Scott Boras, Motherhood, and Apple Pie
Summarizing baseball's feelings about Scott Boras, the sport's most successful player agent, the Chicago Tribune's Rick Morrissey once wrote, "He is a very, very bad man. Exquisitely bad, in a foreclose-on-the-farm sort of way." When Boras brokered his latest jaw-dropping contract—a 10-year, $252 million "merger" between the Texas Rangers and shortstop Alex Rodriguez—the animus only intensified. Writing in the April issue of Esquire, Scott Raab called Boras "the Most Hated Man in Baseball, the heartless bastard hell-bent on destroying our National Pastime, the keen-eyed pimp of ball-hogging, bat-whipping, splitter-hurling youth."
Sportswriters usually save this kind of stuff for major-league owners, the commissioner, or the head of the players union—the people who run things. But now Scott Boras runs things. He's the Most Important Man in Baseball. He produced the most important change to the sport's salary structure since Marvin Miller won free agency for players in 1977. But that change has nothing to do with Alex Rodriguez, Greg Maddux, Kevin Brown, or any contract Boras has brokered in the past few years. In fact, Boras instituted this change nearly 18 years ago, when Rodriguez was still playing tee-ball.
In 1983, six years after free agency engulfed the sport, baseball's owners still exerted tightfisted control over one institution: the amateur draft. Unlike top prospects in the NFL or NBA, amateur baseball players rarely found agents willing to represent them. The agents who did show up were usually handpicked by team owners, ensuring that players signed whatever contract a team put in front of them. Salaries stagnated: Rick Monday, the first pick in the 1965 draft, earned roughly the same bonus, $100,000, as Shawon Dunston, the first pick in the 1982 draft.
That changed when Boras courted Tim Belcher, a pitcher from Bethany Nazarene College in Ohio, whom the Minnesota Twins drafted with the first pick in 1983. When the Twins offered a $100,000 signing bonus, Boras told Belcher to reject it. Belcher then entered the sport's winter draft and elicited a better offer, just over $150,000, from the New York Yankees. In one swift stroke, baseball's amateur draft went from the owners' cheapest and most reliable way to hoard talent to a system heavily tilted toward the players.
Today, if Boras' clients don't like the size of their bonuses, he tells them to return to college or, if they've run out of eligibility, to play a year of semi-pro ball. The owners howl about this strategy—and a few of them refuse to draft Boras clients altogether—but as with Boras' major-league clients, the agent always finds at least one owner who will fork over the cash. In 1997, the Philadelphia Phillies used their first pick on Boras client J.D. Drew and offered him $3 million. Boras told Drew to pass. After a year in semi-pro ball, Drew re-entered the draft, was again selected in the first round, and snagged an $8 million deal from the St. Louis Cardinals.
When it comes time for Boras to renegotiate the contracts of major-league superstars—many of whom he has represented as amateurs—he's working from a higher starting point. In large part, that's why contracts rocketed toward the $20 million-per-year range. And that's given Boras an entrée into a few major-league front offices, places agents once feared to tread. Bob Daly, the chairman of the Los Angeles Dodgers, admits that he consults with Boras about personnel decisions because Boras represents nine of his best players. The press regards this unprecedented access with fear, but is it so awful to have a front-office regular who cares about the players' well-being?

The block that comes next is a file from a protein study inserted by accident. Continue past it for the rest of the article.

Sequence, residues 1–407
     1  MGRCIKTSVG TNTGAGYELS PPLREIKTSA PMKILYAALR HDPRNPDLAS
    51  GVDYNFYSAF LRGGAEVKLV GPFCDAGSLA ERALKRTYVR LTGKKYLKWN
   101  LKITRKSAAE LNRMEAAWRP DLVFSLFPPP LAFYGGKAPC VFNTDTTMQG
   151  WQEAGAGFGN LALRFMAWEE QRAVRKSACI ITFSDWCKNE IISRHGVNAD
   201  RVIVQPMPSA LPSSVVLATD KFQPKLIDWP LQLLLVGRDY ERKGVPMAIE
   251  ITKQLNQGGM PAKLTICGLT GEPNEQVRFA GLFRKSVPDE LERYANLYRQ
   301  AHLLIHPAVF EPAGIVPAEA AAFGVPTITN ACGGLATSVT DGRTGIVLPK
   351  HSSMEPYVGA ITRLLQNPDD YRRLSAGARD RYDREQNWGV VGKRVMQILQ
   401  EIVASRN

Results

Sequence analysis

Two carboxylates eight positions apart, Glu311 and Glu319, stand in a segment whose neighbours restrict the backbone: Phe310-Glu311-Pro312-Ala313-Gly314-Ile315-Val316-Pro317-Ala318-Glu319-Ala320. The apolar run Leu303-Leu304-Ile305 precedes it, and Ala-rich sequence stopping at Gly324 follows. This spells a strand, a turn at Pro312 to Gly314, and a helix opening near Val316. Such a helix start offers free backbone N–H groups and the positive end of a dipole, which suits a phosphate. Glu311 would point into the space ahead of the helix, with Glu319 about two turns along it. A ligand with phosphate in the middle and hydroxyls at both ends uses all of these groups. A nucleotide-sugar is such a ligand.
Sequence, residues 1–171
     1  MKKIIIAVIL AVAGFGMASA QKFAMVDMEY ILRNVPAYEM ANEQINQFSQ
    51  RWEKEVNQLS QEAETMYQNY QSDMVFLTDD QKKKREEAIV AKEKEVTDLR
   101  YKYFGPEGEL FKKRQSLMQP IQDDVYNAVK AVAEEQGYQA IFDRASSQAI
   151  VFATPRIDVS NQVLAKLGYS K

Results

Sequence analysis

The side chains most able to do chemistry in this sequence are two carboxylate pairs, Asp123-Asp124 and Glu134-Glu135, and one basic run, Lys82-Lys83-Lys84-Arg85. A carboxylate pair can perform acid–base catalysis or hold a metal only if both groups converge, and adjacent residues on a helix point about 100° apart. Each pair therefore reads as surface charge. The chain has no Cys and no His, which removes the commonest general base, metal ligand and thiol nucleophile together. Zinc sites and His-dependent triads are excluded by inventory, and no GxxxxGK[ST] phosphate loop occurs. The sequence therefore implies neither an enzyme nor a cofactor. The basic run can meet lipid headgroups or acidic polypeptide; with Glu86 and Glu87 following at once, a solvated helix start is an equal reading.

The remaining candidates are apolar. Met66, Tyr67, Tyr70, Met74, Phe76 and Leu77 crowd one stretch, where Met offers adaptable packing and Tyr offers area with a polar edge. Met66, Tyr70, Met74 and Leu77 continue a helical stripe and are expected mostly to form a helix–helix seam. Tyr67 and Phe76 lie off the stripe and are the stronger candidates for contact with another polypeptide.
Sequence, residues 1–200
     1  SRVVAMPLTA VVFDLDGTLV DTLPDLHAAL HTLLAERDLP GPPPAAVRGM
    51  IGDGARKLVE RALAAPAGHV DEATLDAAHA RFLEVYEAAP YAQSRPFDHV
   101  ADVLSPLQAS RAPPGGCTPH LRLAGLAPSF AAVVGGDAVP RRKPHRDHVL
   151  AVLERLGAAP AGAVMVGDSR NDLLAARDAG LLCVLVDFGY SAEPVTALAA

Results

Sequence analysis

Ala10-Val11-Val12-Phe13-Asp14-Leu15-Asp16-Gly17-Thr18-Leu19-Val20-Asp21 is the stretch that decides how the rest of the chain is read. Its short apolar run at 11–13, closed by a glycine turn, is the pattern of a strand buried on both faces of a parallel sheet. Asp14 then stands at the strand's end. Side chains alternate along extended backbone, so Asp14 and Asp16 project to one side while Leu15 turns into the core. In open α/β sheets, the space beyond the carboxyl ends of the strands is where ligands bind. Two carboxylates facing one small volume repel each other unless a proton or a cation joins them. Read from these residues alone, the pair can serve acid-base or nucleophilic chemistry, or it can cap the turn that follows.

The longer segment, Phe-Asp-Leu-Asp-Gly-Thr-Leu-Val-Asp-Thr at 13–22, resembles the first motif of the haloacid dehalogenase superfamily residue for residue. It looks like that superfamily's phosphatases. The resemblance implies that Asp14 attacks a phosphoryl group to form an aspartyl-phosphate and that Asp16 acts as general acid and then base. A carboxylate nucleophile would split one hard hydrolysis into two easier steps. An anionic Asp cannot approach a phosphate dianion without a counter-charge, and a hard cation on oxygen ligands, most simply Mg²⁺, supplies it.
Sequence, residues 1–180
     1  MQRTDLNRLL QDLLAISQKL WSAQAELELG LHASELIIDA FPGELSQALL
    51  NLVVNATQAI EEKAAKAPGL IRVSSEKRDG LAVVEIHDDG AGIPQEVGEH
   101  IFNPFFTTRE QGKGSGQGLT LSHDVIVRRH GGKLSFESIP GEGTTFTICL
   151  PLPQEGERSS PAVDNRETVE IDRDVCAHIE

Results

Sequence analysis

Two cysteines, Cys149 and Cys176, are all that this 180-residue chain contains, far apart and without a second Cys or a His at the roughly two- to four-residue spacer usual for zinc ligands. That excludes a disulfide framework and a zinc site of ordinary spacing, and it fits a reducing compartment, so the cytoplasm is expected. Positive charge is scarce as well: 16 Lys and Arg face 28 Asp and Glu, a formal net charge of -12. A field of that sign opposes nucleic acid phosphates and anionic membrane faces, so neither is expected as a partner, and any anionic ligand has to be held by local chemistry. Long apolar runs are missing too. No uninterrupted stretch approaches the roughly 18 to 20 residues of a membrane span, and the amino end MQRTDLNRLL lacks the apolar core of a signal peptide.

Granted, Boras doesn't care quite as much about players' well-being as he claims. He says he began representing amateurs to help the minor leaguers who get cut before they ever receive a lucrative major-league contract. In the late 1970s, Boras was a minor-league ballplayer himself, enduring four mediocre seasons in the Chicago Cubs and St. Louis Cardinals organizations. It was his time in the minors that Boras says inspired his no-holds-barred negotiating style. He told 60 Minutes last month that minor-leaguers "have no jobs, no education, they've signed out of high school. All of a sudden the guy who is the brilliant athlete is going home to nothing." (Boras was slightly better off. The Cubs paid his way through law school at the University of the Pacific after he was forced to retire because of three knee surgeries.)
But Boras represents only five or six of the best amateur athletes each year. While that almost guarantees that those players will receive a huge initial signing bonus, the vast majority of amateurs drafted between the fifth and 50th rounds—i.e., the Scott Borases of the world—still make only slightly more than the minimum wage.
Still, Boras is in pretty good company. Back in the '70s, the press thought Marvin Miller was going to ruin baseball, too. Now, he's rightly viewed as one of sport's most influential (and positive) figures of the past 25 years. Scott Boras is the Marvin Miller of his age—the man the owners claim they can't afford, but the players can't afford to live without.
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